The Treatments and Symptoms of Bell's Palsy

The Treatments and Symptoms of Bell's Palsy - Bell's palsy is a paralysis or weakness on one side of the facial muscle that is temporary. Symptoms of Bell's palsy are almost similar with stroke. This condition causes one side of the face will look "sag". Although not yet known the exact cause, Bell's palsy is more common in pregnant women, diabetics, and HIV.

The Treatments and Symptoms of Bell's Palsy

Signs of Bell's palsy

Damaged face nerves affect the ability to taste and the production of tears and saliva. Bell's palsy usually comes suddenly and getting stronger in weeks. The common symptoms of Bell's palsy are:
1. One side of the face will experience paralysis or weakness. The affected side of the face will look sag and you cannot move it. You will find it difficult to open or close your eyes and mouth.
2. Pain and ring inside the ear(s).
3. Decrease or change in the sense of taste.
4. The affected part of the mouth will easily drool.
5. The mouth is dry.
6. Pain around the jaw.
7. Headache and dizziness.
8. Difficulty eating, drinking and talking.

Bell's palsy has different symptoms in some people. There are two types of paralysis in Bell’s palsy (local facial paralysis and total facial paralysis). Those occur on side of the face. Mouth and eye may be the most affected facial parts. Those will be difficult to be moved. This is a disorder that happens only in the facial nerves and muscles. It is not affect to the brain performance or other parts of the body.

Complications and treatments of Bell's palsy

To confirm the diagnosis of Bell's palsy, your doctor will ask you for the history of your symptoms. In addition, the doctor will also perform physical and nerve checks to determine the function of the facial nerve. If the symptoms are not clear, you may be advised to perform some tests, such as electromyography, MRI, or CT scan. Here are some treatments for Bell's palsy.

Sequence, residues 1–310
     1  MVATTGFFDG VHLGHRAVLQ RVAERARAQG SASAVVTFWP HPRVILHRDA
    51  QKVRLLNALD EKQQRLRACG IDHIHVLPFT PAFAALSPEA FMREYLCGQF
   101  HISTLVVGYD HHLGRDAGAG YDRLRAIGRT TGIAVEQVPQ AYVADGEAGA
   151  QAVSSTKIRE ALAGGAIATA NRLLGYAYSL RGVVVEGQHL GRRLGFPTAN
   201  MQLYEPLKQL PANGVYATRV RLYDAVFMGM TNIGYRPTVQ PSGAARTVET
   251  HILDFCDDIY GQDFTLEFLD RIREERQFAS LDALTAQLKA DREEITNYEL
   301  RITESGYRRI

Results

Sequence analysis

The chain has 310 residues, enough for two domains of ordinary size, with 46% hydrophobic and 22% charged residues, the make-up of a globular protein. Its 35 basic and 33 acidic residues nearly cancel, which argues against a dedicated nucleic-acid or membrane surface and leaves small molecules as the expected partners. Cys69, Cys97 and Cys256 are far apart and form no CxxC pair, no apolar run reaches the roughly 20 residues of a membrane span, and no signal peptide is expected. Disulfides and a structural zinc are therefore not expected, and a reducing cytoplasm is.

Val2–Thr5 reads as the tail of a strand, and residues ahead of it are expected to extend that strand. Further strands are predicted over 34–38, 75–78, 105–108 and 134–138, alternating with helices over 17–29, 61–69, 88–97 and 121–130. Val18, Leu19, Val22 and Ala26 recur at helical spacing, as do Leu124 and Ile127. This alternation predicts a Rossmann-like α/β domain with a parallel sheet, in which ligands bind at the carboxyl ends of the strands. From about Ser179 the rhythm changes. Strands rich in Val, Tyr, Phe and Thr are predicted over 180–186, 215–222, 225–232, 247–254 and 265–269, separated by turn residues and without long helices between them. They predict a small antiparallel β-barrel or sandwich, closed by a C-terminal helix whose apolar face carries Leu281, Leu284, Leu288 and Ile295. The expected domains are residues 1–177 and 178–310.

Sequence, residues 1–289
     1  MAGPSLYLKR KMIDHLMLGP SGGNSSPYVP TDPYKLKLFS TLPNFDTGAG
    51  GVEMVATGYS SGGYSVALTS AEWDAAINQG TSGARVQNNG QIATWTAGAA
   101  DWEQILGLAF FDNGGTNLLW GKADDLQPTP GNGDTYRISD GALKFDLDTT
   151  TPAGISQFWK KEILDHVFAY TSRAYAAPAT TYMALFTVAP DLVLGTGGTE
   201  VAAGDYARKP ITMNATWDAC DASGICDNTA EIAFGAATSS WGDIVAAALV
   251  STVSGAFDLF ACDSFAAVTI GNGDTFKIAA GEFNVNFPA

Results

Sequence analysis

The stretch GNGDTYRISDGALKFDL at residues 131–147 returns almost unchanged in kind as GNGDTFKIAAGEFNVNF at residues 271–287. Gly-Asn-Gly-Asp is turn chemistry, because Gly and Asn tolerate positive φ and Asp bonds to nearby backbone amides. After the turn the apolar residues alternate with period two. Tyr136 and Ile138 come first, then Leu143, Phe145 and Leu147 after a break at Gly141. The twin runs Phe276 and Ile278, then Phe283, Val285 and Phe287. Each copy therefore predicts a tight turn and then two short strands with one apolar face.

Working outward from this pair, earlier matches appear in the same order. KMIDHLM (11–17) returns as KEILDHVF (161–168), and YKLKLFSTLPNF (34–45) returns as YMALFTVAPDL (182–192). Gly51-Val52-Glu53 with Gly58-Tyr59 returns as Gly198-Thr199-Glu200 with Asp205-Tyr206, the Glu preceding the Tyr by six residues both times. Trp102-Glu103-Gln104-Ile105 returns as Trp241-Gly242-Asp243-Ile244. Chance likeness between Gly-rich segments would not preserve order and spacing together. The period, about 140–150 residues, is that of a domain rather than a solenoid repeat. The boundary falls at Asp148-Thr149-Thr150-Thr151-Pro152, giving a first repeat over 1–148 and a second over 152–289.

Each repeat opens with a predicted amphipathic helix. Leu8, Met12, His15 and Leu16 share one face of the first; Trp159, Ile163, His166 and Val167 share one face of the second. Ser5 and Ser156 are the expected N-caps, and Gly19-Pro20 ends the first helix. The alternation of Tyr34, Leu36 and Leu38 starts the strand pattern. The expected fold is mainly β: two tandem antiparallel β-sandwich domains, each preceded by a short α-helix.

1. Prednisolone. To reduce the swelling that occurs in the facial nerve, you can use prednisone (corticosteroid). This drug is the most recommended and the most effective medication in Bell's palsy. It should be given soon after the symptoms appear. It will be prescribed for a week or more and must be consumed twice a day.
2. Physiotherapy. Physiotherapy will strengthen the nerves and muscles of the face back to the normal condition. It is done to regain the coordination and movement. This procedure is helpful in cases of Bell's palsy, although not all of the patients need this procedure.

Here are some complications that may occur due to Bell's palsy:
1. Eye disorders.
2. Difficulty eating, drinking and talking.
3. Muscle weakness or paralysis on an ongoing basis.
4. Facial muscles twitch.
5. The ability of sense sensors to decline.

Bell's palsy can recover fully in most of patients who experience it. In most people who suffer from Bell's palsy, symptoms of Bell's palsy begin to improve after two or three weeks. But to be fully recovered will require about nine months. The length of the recovery period depends on the degree of nerve damage suffered.

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